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50 Ways to Outsmart a Squirrel and Other Garden Pests

50 Ways to Outsmart a Squirrel and Other Garden Pests by Simon Akeroyd – Book Review

Discover clever methods for protecting your plants and crops without harming wildlife in this engaging and humorous compendium. Reviewer Catherine Smalley is a nature and garden writer.

50 WAYS TO OUTSMART A SQUIRREL AND OTHER GARDEN PESTS
by Simon Akeroyd
Mitchell Beazley, £12.99
ISBN 978-1784727604

Across Britain there is a growing movement towards wildlife- friendly gardening and the public are slowly loosening up, learning to embrace 7a more live-and-let-live approach to their outdoor spaces. Nettles are creeping in around the edges, dandelions are popping up from lawns, tomatoes are left unsprayed.

But even the most nature- loving gardener will know the gut-wrenching disappointment of losing a plant they have nurtured over weeks and months to a slug, deer or caterpillar. This book nobly attempts to provide solutions that are eco-friendly and humane, yet – importantly – still effective.

Did you know, for instance, that peppermint will ward off mice? (They rely on their strong sense of smell to detect predators and something pungent makes them feel vulnerable.) Or that growing summer savory next to broad beans will deter black aphids? And it’s not just plants that are covered: there are ways to protect fish from herons and stop squirrels eating your bird seed (it involves chilli…).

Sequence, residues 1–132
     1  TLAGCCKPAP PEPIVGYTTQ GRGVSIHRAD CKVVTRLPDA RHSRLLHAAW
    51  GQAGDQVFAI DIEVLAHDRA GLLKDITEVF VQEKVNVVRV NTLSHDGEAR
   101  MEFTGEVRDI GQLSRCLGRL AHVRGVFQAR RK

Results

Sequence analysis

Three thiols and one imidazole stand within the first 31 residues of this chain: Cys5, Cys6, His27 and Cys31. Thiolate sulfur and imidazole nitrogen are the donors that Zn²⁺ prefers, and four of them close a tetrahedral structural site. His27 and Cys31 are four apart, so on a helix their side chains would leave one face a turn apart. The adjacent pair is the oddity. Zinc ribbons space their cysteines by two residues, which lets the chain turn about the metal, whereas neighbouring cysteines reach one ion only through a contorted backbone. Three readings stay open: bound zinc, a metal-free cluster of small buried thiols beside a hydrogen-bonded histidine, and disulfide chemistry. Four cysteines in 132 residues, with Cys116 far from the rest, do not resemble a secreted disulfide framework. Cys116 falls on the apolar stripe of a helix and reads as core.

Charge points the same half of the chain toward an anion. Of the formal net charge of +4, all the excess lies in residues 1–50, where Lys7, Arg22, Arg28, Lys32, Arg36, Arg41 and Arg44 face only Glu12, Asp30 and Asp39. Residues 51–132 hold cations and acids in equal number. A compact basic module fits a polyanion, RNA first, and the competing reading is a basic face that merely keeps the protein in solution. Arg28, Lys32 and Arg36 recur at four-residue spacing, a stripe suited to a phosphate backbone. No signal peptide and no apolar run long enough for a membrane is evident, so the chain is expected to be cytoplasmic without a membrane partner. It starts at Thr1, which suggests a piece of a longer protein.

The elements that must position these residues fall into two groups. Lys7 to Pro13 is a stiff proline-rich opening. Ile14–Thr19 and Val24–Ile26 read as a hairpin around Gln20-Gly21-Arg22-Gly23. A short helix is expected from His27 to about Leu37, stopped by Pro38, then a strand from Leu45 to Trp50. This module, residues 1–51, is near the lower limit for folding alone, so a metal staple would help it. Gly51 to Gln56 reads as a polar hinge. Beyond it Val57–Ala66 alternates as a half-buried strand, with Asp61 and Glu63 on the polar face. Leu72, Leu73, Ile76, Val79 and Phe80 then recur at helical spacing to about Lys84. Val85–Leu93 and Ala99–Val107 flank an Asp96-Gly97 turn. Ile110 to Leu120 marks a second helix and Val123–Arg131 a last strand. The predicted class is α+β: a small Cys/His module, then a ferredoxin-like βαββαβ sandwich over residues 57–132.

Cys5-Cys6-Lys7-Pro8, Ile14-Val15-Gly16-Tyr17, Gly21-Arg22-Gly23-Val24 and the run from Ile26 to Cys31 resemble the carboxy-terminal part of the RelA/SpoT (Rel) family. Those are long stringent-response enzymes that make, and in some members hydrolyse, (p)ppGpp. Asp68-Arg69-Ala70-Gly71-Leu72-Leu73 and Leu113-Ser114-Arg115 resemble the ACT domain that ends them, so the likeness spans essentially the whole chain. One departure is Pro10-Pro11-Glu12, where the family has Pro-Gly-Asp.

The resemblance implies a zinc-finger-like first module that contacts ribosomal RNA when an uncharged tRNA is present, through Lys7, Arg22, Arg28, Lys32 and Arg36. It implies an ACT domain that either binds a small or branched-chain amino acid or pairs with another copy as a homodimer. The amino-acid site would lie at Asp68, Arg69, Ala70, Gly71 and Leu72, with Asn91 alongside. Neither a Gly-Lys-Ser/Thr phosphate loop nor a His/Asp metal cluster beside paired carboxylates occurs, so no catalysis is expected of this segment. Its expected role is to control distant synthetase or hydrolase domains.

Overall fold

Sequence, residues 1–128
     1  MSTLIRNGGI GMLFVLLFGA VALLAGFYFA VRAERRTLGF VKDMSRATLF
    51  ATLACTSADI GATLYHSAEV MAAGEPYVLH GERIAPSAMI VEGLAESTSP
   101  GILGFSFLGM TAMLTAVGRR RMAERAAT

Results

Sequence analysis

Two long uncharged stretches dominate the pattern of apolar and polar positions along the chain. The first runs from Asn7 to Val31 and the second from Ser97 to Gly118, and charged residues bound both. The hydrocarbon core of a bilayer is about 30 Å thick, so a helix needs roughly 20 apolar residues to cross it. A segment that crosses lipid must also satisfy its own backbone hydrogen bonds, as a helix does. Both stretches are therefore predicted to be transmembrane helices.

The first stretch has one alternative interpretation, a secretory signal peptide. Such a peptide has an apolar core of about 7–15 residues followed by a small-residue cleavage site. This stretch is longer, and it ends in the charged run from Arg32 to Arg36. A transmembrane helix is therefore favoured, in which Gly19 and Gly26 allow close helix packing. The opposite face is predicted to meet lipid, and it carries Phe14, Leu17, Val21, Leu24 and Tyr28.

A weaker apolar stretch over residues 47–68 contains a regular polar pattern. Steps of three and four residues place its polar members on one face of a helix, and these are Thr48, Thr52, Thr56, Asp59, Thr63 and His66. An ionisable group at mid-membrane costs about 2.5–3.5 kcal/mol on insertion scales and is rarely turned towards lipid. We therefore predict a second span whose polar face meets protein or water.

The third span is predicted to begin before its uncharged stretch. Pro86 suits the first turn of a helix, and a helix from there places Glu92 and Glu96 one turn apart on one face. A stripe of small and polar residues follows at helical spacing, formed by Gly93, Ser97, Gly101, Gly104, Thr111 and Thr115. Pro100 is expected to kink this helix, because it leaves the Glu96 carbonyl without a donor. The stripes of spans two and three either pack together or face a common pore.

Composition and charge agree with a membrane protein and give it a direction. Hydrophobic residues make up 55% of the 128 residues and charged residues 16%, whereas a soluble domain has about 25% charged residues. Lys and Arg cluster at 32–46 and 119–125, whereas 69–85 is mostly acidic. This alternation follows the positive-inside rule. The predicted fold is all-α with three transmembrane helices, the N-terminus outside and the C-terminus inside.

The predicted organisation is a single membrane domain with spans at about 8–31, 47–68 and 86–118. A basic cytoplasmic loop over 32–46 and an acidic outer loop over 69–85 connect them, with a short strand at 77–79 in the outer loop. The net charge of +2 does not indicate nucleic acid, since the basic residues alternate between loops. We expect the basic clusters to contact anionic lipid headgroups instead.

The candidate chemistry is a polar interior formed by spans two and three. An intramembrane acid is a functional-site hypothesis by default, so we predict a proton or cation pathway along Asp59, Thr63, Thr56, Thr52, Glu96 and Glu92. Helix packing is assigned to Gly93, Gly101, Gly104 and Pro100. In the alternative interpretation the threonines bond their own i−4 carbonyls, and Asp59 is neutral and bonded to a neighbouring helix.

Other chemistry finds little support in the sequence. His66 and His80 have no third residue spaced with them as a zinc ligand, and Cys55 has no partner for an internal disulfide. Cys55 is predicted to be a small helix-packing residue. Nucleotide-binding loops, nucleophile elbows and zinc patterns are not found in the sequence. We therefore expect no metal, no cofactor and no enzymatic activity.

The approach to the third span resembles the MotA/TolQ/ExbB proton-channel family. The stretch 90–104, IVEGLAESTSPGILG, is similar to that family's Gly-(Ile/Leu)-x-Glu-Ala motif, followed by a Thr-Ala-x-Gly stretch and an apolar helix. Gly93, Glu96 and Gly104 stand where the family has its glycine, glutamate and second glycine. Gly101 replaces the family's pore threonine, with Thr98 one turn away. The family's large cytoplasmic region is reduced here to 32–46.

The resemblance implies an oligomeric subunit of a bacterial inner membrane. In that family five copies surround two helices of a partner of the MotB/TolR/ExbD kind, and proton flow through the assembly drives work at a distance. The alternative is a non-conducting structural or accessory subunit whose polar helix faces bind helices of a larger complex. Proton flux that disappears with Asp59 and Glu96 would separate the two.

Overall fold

The pages are vibrant, filled with illustrations and easy-to- follow, how-to guides, and Akeroyd’s writing is humorous and playful. However, I disliked the language used to describe some animals as ‘pests’ and ‘irritants’ to be ‘outwitted’ and ‘frightened off ’, which reinforces the view of gardens as a battleground between humans and nature.

Overall the approach is holistic and Akeroyd explains the importance of rotating crops and boosting your plants’ health and resilience to help them cope with ‘pests’, as well as encouraging natural predators, such as birds and bats, to control insect numbers. I particularly enjoyed the zoological information on the different animals scattered throughout.

If, in despair and dejection, you’ve been tempted to reach for a bottle of insecticide or order an animal trap, then think again; here’s a whole book of handy tips and tricks.

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